Proving the Bible
I was once invited to apply for a research program led by a Christian engineer. The goal was to make a finite element model of Noah’s ark based on the dimensions and materials given in the Genesis record. This finite element model would then be used to determine the natural frequencies of the structure. The Christian engineer who had conceived this project was confident that the results would demonstrate that the ark was structurally sound, thus validating the Genesis account.
I think this line of reasoning is seriously flawed, and I believe one story from the book of Joshua will demonstrate why:
Then Joshua spoke to the Lord in the day when the Lord delivered up the Amorites before the children of Israel, and he said in the sight of Israel:
“Sun, stand still over Gibeon; and Moon, in the Valley of Aijalon.” So the sun stood still, and the moon stopped, till the people had revenge upon their enemies.
Is this not written in the Book of Jasher? So the sun stood still in the midst of heaven, and did not hasten to go down for about a whole day.And there has been no day like that, before it or after it, that the Lord heeded the voice of a man; for the Lord fought for Israel.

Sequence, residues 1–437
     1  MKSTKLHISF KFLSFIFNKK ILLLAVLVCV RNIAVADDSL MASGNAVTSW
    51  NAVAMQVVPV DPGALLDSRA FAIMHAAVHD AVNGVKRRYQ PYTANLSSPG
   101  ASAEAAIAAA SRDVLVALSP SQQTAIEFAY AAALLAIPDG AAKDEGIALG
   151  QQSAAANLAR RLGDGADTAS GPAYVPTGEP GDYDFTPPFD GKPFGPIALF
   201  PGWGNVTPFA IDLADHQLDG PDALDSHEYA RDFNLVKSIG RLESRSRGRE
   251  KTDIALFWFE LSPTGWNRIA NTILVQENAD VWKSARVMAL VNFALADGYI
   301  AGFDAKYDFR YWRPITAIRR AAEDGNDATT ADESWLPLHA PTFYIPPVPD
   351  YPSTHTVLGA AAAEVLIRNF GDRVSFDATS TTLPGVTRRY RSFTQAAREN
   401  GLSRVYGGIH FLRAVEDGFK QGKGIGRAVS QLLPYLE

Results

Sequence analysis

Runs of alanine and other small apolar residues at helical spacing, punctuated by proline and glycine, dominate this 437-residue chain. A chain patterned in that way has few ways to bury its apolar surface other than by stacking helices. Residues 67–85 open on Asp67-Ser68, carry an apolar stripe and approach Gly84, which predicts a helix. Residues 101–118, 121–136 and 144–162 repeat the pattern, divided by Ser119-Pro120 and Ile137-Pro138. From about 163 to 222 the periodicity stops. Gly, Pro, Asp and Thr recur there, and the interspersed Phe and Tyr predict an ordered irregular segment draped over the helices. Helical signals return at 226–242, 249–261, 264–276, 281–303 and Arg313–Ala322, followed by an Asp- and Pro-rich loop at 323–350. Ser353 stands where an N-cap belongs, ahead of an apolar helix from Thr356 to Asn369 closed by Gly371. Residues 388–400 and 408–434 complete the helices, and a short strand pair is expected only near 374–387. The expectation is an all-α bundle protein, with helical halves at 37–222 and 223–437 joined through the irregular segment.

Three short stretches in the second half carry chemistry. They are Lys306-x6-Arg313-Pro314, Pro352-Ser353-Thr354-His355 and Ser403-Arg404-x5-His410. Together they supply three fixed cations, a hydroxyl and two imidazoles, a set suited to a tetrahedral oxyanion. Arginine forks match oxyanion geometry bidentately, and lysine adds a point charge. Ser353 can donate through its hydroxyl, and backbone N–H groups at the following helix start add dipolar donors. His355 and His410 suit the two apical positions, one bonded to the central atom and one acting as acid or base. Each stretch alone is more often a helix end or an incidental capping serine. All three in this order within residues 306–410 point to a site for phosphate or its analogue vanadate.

On a visit to the Creation Museum in Kentucky, I saw complex geological models giving natural explanations for how a global flood could have occurred. Furthermore, the scientists who had developed these models seemed confident that this event could be confirmed through empirical evidence. All of this was presented as proof for the validity of Scripture. (The tagline for the museum is “Prepare to Believe.”)
However, consider taking this approach with the story in Joshua. The earth has a rotational velocity of about 0.26 radians per hour, giving a linear velocity at the equator of about 1,038 miles per hour. If the earth suddenly stopped rotating, and Newton’s laws of motion were still in play, very bad things would happen! All human life would certainly be annihilated.
Attempting to prove Joshua 10:12-14 from empirical evidence would be a laughably hopeless endeavor. Must we then conclude that the story is false?
Not if you believe in the supernatural.
Here is the simple fact of the matter: if you believe that Jesus rose bodily from the dead, then you have room in your philosophy to believe any of the fantastic stories in the Old Testament. A dead man waking up is every bit as impossible as the sun standing still.
Of course, the resurrection alone does not prove that the Old Testament stories are historical. It certainly remains possible that these stories fall into some literary genre like “parable.” However, the resurrection does open up the possibility that these fantastic accounts are history. If one believes in the resurrection, it is no longer necessary to relegate the Old Testament to the realm of myth.
More importantly, if we condition our faith in the Bible upon empirical evidence, then our faith will only be as strong as the latest scientific model, only as thorough as the available archaeological data, and only as permanent as the prevailing academic consensus.
But if Jesus believed the Old Testament, and if Jesus rose from the dead, then the Old Testament is true, regardless of the existence or non-existence of empirical evidence.